First, I see a lack of awareness and a need for education about preanalytics throughout the medical community. Pathologists, surgeons, and every other professional who is part of the specimen chain of custody (radiologists, pathology assistants, nurses, phlebotomists, medical technologists and much more) need to be educated about preanalytics. It’s vital that they all understand the role they play as links in an unbreakable quality chain.

Second, there is a dearth of biospecimen science data upon which to build evidence-based procedures for preanalytics that affect precision medicine. This kind of information is focused on the specimen itself and how it is affected by different preanalytical factors, alone or in combination. It’s the data that everyone wants – but no one wants to pay for! We need much more biospecimen science to fully understand the impact of different preanalytical factors on different biomolecular specimens of different sample types. Furthermore, specific analytical platforms may have different requirements for analyte molecular quality – something else that I fear may often be overlooked. These data are foundational for precision medicine, and yet, at the moment, they are sadly lacking.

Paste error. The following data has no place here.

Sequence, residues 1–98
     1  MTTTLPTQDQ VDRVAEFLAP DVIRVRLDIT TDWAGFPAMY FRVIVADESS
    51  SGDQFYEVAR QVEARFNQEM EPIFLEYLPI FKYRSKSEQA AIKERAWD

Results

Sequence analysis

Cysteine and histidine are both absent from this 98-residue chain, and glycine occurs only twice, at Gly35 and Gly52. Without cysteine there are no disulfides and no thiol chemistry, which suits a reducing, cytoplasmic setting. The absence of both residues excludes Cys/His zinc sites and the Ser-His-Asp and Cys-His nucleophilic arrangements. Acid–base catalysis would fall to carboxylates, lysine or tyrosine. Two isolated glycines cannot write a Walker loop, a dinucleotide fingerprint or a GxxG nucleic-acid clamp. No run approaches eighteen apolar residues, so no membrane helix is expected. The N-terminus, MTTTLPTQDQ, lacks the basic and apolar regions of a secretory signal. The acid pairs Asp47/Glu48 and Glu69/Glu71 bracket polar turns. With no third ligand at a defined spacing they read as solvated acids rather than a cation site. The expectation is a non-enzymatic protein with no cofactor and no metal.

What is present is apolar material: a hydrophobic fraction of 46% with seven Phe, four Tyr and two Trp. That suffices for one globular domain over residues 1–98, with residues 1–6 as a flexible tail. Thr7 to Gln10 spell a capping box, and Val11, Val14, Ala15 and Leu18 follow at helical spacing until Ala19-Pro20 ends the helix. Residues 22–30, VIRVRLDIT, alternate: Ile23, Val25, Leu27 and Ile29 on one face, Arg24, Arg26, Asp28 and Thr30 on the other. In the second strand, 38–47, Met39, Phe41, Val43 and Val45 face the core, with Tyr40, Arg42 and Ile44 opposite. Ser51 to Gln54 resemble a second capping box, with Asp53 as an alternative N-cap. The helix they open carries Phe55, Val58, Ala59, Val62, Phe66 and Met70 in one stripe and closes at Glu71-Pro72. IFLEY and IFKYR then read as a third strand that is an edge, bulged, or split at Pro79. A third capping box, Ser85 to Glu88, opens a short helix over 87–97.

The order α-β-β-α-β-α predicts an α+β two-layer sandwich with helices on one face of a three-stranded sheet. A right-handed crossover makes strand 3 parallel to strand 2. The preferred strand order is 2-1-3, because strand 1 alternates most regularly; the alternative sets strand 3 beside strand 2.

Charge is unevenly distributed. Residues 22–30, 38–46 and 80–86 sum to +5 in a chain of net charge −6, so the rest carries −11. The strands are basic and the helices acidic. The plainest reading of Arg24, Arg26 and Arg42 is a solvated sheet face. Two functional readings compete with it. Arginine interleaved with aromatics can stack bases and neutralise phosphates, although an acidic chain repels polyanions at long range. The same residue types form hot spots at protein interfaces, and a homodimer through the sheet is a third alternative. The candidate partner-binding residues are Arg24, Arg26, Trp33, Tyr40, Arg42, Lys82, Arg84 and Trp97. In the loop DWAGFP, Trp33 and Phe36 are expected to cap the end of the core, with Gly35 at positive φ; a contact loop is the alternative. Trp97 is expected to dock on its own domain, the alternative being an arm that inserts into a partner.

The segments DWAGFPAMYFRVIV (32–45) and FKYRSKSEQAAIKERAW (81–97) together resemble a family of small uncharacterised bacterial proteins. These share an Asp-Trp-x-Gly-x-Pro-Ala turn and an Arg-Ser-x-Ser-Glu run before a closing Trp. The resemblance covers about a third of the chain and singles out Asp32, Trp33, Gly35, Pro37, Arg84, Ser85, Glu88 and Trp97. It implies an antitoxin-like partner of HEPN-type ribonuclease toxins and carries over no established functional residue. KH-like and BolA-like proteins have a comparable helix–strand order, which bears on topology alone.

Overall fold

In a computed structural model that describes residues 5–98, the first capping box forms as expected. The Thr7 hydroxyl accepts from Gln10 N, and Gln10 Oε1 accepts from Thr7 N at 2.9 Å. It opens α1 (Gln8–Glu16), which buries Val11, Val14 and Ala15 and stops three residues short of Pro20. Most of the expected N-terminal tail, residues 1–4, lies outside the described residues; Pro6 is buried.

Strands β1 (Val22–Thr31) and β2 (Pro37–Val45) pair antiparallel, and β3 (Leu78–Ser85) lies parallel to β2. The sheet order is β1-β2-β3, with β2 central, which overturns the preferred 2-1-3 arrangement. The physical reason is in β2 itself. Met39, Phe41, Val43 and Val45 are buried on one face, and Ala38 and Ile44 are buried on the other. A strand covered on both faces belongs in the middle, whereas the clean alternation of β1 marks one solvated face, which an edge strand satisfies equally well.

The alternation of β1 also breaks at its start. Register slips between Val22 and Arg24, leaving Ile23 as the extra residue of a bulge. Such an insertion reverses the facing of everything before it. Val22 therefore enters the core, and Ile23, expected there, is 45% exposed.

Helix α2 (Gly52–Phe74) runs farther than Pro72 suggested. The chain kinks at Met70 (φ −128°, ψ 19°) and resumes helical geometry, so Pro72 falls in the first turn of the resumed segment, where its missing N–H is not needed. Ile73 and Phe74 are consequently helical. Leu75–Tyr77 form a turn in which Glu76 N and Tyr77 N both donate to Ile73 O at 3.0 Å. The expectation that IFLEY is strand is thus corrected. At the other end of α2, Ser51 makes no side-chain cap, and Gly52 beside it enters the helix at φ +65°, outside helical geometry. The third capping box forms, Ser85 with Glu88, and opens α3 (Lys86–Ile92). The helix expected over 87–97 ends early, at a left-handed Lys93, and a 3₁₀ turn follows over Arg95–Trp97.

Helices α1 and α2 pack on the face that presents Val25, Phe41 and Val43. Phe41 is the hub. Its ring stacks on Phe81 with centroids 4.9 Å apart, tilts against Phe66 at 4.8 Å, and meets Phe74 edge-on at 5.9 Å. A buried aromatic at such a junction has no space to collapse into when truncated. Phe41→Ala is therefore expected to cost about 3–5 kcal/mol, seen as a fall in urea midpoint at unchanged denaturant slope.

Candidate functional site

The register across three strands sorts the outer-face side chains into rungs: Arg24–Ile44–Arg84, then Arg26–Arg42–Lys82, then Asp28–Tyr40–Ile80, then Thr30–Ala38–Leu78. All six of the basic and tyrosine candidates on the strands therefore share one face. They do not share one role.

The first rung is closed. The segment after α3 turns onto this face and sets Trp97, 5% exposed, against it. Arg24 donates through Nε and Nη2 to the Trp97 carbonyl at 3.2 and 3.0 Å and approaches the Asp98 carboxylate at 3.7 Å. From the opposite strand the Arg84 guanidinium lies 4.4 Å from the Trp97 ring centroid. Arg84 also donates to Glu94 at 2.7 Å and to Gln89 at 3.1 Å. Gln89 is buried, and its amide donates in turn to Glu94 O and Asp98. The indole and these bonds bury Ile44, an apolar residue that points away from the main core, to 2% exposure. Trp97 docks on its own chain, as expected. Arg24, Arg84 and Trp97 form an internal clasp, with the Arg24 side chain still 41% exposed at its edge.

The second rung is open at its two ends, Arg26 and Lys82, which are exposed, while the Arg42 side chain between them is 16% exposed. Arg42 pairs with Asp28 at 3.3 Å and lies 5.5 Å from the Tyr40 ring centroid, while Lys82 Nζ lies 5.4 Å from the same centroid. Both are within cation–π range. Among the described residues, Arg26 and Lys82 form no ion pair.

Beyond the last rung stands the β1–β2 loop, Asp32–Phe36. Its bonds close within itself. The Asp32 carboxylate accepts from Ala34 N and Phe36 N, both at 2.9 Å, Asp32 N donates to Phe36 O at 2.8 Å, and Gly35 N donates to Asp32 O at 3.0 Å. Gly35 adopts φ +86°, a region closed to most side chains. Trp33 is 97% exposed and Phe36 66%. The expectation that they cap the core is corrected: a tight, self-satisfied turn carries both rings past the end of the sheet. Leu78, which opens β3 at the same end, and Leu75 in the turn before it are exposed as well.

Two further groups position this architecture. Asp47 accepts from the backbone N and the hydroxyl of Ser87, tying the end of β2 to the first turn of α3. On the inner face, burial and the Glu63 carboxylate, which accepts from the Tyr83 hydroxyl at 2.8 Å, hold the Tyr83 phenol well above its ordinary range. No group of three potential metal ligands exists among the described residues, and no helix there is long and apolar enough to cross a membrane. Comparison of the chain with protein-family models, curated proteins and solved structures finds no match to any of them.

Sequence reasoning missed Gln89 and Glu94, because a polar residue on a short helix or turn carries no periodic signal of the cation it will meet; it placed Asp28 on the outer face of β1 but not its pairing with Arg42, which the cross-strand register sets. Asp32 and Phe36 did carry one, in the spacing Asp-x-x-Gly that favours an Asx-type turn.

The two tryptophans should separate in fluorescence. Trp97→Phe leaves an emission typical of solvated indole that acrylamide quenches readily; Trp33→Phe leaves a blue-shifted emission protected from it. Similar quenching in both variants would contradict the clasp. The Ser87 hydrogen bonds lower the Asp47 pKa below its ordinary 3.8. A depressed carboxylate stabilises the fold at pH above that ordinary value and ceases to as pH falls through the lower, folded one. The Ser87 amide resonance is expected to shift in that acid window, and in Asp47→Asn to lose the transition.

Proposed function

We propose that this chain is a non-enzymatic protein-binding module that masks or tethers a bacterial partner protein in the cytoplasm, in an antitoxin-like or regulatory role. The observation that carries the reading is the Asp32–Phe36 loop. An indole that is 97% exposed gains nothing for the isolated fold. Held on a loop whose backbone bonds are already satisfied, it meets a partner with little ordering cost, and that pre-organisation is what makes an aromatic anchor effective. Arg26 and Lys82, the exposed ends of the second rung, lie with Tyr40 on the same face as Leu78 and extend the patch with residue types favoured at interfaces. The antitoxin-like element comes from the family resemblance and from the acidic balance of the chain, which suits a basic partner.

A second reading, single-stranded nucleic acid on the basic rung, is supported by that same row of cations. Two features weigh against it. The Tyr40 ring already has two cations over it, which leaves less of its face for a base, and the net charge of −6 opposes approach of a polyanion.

Third, old practice habits are hard to break. Legacy systems in medical institutions may be difficult to redesign to accommodate changes in preanalytical workflows. By and large, we are still handling patient specimens the same way we have for decades, with no sign of change on the way. In addition, patient specimen preanalytics cross many professional domains, and there are no cross-cutting standards to assure that key preanalytical steps are controlled and documented in an end-to-end fashion.

Fourth, there is no specific reimbursement for the professional time, expertise and effort required to address preanalytics in real time – as they should be. This issue must be addressed to assure compliance with preanalytical standards across the board. People typically do what they are paid to do, even if they don’t fully understand the scientific reasons behind the mandates.

Fifth and finally, there are still many who discount the importance of preanalytics, which I find very hard to comprehend. Worse still, they may discount the importance of specimen quality or reject the premise of “garbage in, garbage out” altogether! There are those who believe that, through the wonders of technology and data science, data quantity can overcome the challenges of poor data quality. In my opinion, this kind of thinking is unrealistic and unacceptable – even potentially dangerous – at the level of the individual patient. I would argue that it is misplaced at the population data level as well. If precision is truly the goal, there is no conceivable situation in which preanalytical variation is truly unimportant and can be confidently disregarded – and thinking so can only lead to disaster.